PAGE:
My moments of light relief

Jun 01, 2018
In my long career as a Chartered Accountant, some clients and engagements have brought welcome, if unintentional, light relief.

It is my good fortune to have had a long career as a Chartered Accountant. Along the way, there were good and bad experiences. Awkward clients or difficult situations often meant struggling to find the best route or advice in the given circumstances. Some, at least, brought light relief – usually unintentionally.

All of the following situations occurred in less contentious times and are now long past.

Without prejudice

A lesson that calm professional advice is not always the answer. A rough and tumble builder client received a four-page diatribe from a solicitor, alleging great wrongs arising from construction work carried out by the builder. Each page was heavily marked ‘without prejudice’. The builder declined my advice to engage his own solicitor. Instead, he hand-wrote in large letters on each page “F*** off – without prejudice” and posted the letter back to the solicitor. There isn’t space in this article to explain the outcome, except that the situation deteriorated into a farce and the builder won.

Admitting your gilt

Early in my career, I was appointed as a receiver to a large pig farm near the border with Northern Ireland. I knew nothing about pig farms but the cockiness of youth carried me through. A potential company buyer was located in England. Prior to showing them around, I warned the foreman – a witty Cavan character – to say nothing about smuggling. There was no doubt that smuggling had contributed to the receivership.

The buyers were walking around and together, we were looking at this enormous sow in her pen. I had no idea that a sow could be so large. One of the buyers remarked on her size, to which the foreman responded, “Yes, a top lady. And only 10,000 miles on the clock”. Worse, he added that smuggling gave pigs variety and made for a better pig. They bought the farm anyway.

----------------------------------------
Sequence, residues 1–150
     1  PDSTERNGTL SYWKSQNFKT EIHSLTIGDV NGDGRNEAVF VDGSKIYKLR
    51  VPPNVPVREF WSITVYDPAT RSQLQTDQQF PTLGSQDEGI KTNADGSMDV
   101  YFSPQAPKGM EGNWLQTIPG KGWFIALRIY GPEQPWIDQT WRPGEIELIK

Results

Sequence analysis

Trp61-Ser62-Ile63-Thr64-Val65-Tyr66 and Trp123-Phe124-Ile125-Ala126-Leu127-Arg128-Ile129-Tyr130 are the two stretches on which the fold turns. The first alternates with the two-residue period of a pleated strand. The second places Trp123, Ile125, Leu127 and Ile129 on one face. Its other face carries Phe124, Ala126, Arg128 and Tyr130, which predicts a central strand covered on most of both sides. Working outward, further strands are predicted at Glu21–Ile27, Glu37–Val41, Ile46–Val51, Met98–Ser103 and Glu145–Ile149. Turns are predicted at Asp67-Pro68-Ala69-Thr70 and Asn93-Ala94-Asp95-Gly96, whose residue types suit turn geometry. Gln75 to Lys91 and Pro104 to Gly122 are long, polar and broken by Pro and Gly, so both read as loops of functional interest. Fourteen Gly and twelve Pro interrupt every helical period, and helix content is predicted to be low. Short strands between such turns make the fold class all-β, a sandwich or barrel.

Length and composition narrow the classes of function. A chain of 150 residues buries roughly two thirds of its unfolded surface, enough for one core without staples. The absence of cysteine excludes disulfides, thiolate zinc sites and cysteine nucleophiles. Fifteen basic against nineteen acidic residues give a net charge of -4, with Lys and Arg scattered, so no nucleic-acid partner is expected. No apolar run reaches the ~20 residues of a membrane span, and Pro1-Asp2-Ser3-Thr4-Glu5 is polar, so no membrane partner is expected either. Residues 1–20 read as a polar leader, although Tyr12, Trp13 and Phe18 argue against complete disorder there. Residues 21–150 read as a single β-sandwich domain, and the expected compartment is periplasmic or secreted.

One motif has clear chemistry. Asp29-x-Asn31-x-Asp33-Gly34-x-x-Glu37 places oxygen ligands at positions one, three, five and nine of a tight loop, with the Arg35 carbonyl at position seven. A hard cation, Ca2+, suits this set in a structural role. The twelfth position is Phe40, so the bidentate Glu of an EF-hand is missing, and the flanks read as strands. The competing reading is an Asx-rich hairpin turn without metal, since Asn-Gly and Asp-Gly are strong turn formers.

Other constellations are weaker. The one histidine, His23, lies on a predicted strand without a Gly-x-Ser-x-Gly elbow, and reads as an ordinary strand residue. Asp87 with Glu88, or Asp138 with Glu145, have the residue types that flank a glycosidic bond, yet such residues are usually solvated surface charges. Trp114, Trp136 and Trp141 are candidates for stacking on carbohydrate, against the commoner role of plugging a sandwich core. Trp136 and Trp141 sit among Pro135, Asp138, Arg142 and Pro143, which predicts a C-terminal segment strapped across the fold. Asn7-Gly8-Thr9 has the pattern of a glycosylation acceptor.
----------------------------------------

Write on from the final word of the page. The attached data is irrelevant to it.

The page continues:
‘A tax’ isn’t always the best form of defence

An individual was a beneficiary of the artist’s income tax exemption. Revenue disputed that a sideline he had in writing advertising slogans and jingles also qualified for the relief. We all ended up before the Appeal Commissioners. The client was unpleasant, if not obnoxious, to anybody he considered unworthy of life, such as traffic wardens and tax inspectors. At the appeal, on hearing the Inspector’s evidence as to receiving abusive phone-calls, the client assaulted the Inspector, overturning a table in the process. The police were called and the hearing was adjourned.

Feathers were subsequently smoothed with considerable difficulty, including the non-pursuit of charges, and the matter settled. In the letter acknowledging the settlement, the Inspector wrote “It is the firm view of the Revenue Commissioners that all future matters involving your client should be dealt with by correspondence”.

A sanity test

A wealthy will, of which I was a joint executor, was disputed in court as to the sanity of the late testator. Among other diversions, of which there were many, the latter had gone into a well-known hotel near his home looking for a drink while in his pyjamas. A consultant psychiatrist, cross-examined by a senior counsel, was eventually pressed for a ‘yes’ or ‘no’ answer as to whether he could define insanity. The psychiatrist replied “no”, to the counsel’s delight, then added “but I think we all know insanity when we see it”. The case was settled.

The inner circle

In the 1970s, I was regularly involved with a merchant bank in London. They were simpler days and corporate governance was a long way off. A junior secretary in the bank had a brother in the racing world who provided her with tips for an upcoming race meeting. The secretary, in writing down the tips from her brother, used what she thought was scrap paper but which was actually an appendix to an important document that was being drafted regarding a secret takeover bid.

Another secretary thought the names of the horses were a secret code regarding the takeover and added them to the appendix without any explanation. Nobody noticed.
A bewildering row, with confusion all round, ensued with the regulatory Takeover & Merger Panel demanding to know the identities behind ‘Golden Rhapsody’, ‘Two Mile Joe’ and others.  As well, the self-important and highly remunerated lawyers, bankers and accountants, each thought the others knew and were furious at being excluded from the inner circle.
Des Peelo is author of The Valuation of Businesses and Shares, published by Chartered Accountants Ireland.